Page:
Sahib Shihab

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Sahib Shihab
Sahib Shihab.jpg
Background information
Birth nameEdmund Gregory
Born(1925-06-23)June 23, 1925
Savannah, Georgia, U.S.
DiedOctober 24, 1989(1989-10-24) (aged 64)
Nashville, Tennessee, U.S.
Genres Jazz
Occupation(s) Musician
Instruments Baritone, soprano and alto saxophone, Flute and alto flute
Years active1940s–1980s
Associated acts Gene Quill, Phil Woods, Hal Stein, Kenny Clarke/Francy Boland Big Band

Sahib Shihab (born Edmund Gregory; June 23, 1925, Savannah, Georgia October 24, 1989, Nashville, Tennessee) was an American jazz and hard bop saxophonist (baritone, alto, and soprano) and flautist. He variously worked with Luther Henderson, Thelonious Monk, Fletcher Henderson, Tadd Dameron, Dizzy Gillespie, Kenny Clarke, John Coltrane and Quincy Jones among others. [1]



Edmund Gregory first played alto saxophone professionally for Luther Henderson at age 13 [2] and went on to study at the Boston Conservatory and to play with trumpeter Roy Eldridge. He played lead alto with Fletcher Henderson in the mid 1940s.

He was one of the first jazz musicians to convert to Islam and changed his name in 1947. During the late 1940s, Shihab played with Thelonious Monk and on July 23, 1951 he recorded with Monk (later issued on the album Genius of Modern Music: Volume 2 . During this period, he also appeared on recordings by Art Blakey, Kenny Dorham and Benny Golson. The invitation to play with Dizzy Gillespie's big band in the early 1950s was of particular significance as it marked Shihab's switch to baritone.

On August 12, 1958, Shihab was one of the musicians photographed by Art Kane in his famous photograph known as "A Great Day in Harlem". In 1959, he toured Europe with Quincy Jones after becoming disillusioned with racial politics in United States and ultimately settled in Scandinavia, first in Stockholm, Sweden and from 1964 in Copenhagen, Denmark. He worked for Copenhagen Polytechnic and wrote scores for television, cinema and theatre. He wrote a ballet based on danish writer Hans Christian Andersen's fairy tale The Red Shoes .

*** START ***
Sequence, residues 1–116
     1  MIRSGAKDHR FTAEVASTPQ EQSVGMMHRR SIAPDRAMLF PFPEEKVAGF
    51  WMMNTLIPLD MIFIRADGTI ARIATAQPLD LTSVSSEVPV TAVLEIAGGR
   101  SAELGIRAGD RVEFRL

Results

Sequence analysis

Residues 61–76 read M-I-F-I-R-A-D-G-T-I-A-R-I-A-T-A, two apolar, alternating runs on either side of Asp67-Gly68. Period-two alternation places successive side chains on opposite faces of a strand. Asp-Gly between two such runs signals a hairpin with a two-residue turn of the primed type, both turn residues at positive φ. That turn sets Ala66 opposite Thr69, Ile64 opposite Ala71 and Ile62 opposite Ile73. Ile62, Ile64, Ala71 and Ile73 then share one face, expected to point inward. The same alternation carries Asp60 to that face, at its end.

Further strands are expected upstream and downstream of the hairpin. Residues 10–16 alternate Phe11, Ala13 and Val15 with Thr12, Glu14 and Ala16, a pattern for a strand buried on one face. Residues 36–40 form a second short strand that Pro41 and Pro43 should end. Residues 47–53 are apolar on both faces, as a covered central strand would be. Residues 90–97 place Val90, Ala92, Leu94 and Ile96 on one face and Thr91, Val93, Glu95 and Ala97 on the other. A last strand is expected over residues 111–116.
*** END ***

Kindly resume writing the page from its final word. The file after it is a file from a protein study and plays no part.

In Denmark, Shihab played with local musicians like bass player Niels-Henning Ørsted Pedersen amongst others. Together with pianist Kenny Drew, he ran a publishing firm and record company.

In 1961, he joined the Kenny Clarke/Francy Boland Big Band and remained a member of the band for the 12 years it existed. He married a Danish woman and raised a family in Europe.

In the Eurovision Song Contest 1966, Shihab accompanied Lill Lindfors and Svante Thuresson on stage for the Swedish entry "Nygammal Vals".

In 1973, Shihab returned to the United States for a three-year hiatus, working as a session man for rock and pop artists and also undertaking work as a copyist for local musicians. He spent his remaining years between New York and Copenhagen and played in a partnership with Art Farmer. [3] He also led his own jazz combo called "Dues".

From 1986, Shihab was a visiting artist at Rutgers University. [4]

Shihab died from liver cancer on October 24, 1989, in Nashville, Tennessee, United States, aged 64. [1]


As leader

As sideman

With Art Blakey

With Brass Fever

With Donald Byrd

With Betty Carter

With the Kenny Clarke/Francy Boland Big Band

With John Coltrane

With Tadd Dameron

With Art Farmer

With Curtis Fuller and Hampton Hawes

With Dizzy Gillespie

With Benny Golson

With Johnny Griffin

With George Gruntz

With Roy Haynes

With Milt Jackson

With Philly Joe Jones

With Quincy Jones

With Abbey Lincoln

With Howard McGhee

With Thelonious Monk

With Phineas Newborn, Jr.

With Oscar Pettiford

With Specs Powell

With A. K. Salim

With Tony Scott

With Mal Waldron

With Julius Watkins and Charlie Rouse

With Randy Weston

With Gene Quill, Hal Stein and Phil Woods

With Phil Woods

With Idrees Sulieman

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  1. 1 2 Doc Rock. "The Dead Rock Stars Club : 1980s". Retrieved 1 September 2014.
  2. "Artist Profiles : Sahib Shihab: Seeds And Sentiments". Retrieved 1 September 2014.
  3. "Sahib Shihab: Biography". AllMusic . Retrieved 1 September 2014.
  4. [ dead link ]